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Text authored by Sister Rachel Doerfler, CSA

Two churches in Rome are dedicated to this saint: St. Agnes on the Piazza Navona and the Basilica of St. Agnes on the Via Nomentana. Both churches have attracted many visitors. Among those who found their way to the Basilica of St. Agnes was a zealous Austrian missionary priest, Father Caspar Rehrl. Having read of the urgent pleas of the Church in America for priests to serve the immigrants in the newly-opened lands, he felt God was calling him. He must go to America!

From the beginning of his missionary work, he was aware of how important it was to find others who would help with faith instructions, especially for the children. His initial efforts to find a Sisterhood failed, but he did not give up. In 1852, he set out for Europe hoping to find a religious order interested in sending Sisters to America, but found none. Deciding to return to America, he first stopped to pray at the tomb of St. Agnes. “Show me the way,” he pleaded. And she did! In a vision, he saw the saint leading a long procession of maidens clothed in a black-and-white religious garb. Was this the answer – for him to found a society of his own, with St. Agnes as the patroness of the members?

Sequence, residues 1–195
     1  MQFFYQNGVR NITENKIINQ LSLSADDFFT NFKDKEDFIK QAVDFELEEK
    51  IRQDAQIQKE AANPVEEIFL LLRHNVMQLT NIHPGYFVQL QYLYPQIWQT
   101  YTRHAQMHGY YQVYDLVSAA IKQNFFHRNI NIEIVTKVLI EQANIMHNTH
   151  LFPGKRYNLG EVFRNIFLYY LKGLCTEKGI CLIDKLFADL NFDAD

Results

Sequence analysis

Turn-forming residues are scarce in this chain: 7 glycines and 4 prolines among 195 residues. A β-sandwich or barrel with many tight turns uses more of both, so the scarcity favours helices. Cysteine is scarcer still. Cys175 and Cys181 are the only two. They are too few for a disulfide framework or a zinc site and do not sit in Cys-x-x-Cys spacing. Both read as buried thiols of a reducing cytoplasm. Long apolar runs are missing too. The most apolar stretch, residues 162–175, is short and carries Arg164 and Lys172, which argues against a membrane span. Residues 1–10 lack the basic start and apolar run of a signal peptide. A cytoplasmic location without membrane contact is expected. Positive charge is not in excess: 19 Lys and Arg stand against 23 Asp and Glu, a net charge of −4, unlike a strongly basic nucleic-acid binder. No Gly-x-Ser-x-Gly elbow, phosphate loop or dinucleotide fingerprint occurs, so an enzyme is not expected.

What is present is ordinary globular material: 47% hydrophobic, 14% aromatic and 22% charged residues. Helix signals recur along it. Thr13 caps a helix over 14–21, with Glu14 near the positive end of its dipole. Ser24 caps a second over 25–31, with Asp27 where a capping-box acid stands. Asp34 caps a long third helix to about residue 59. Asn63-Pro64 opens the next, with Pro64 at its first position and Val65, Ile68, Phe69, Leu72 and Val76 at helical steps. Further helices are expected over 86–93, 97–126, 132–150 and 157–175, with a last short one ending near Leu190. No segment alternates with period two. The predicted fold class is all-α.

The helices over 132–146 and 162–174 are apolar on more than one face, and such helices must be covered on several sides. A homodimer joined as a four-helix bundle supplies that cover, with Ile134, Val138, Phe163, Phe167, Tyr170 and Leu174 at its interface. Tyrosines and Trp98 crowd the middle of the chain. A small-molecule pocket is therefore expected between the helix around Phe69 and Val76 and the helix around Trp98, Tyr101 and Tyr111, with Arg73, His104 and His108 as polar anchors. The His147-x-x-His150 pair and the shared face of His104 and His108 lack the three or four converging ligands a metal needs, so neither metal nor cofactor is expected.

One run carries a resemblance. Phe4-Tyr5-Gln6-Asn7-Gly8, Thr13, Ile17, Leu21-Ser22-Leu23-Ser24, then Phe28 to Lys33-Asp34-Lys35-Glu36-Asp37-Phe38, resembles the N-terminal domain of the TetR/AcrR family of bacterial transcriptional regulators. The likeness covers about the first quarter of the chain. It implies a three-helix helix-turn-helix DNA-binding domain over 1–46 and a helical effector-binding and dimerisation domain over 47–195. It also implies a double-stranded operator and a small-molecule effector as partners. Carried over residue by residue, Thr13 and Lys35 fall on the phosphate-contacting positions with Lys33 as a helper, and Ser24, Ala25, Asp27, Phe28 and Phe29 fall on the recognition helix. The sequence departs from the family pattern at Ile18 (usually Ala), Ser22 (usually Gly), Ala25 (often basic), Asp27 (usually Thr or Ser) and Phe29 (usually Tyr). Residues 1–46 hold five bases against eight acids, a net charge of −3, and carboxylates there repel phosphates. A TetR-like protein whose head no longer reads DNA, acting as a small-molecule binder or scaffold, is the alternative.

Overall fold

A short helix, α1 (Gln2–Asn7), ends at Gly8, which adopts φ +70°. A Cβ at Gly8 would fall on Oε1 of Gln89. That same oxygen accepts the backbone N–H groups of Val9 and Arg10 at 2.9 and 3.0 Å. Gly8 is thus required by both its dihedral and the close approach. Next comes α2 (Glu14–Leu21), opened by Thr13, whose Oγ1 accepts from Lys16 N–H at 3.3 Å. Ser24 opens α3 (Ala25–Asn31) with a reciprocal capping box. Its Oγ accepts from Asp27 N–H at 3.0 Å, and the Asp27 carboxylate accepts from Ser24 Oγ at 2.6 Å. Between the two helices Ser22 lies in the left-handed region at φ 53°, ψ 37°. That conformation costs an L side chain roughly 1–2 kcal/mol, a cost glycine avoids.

He outlined his plan to Pope Pius IX, also a devotee of St. Agnes, and was given approval to start this new undertaking. On his return to America he bought land at Barton, Wisconsin, and by December 1857 a church was built there. About one year later on the feast of St. Clare 1858, the Congregation of St. Agnes was born in Barton.

The rest is history and can be read in Ordinary Sisters written by Sister Margaret Lorimer, C.S.A., 2007.  


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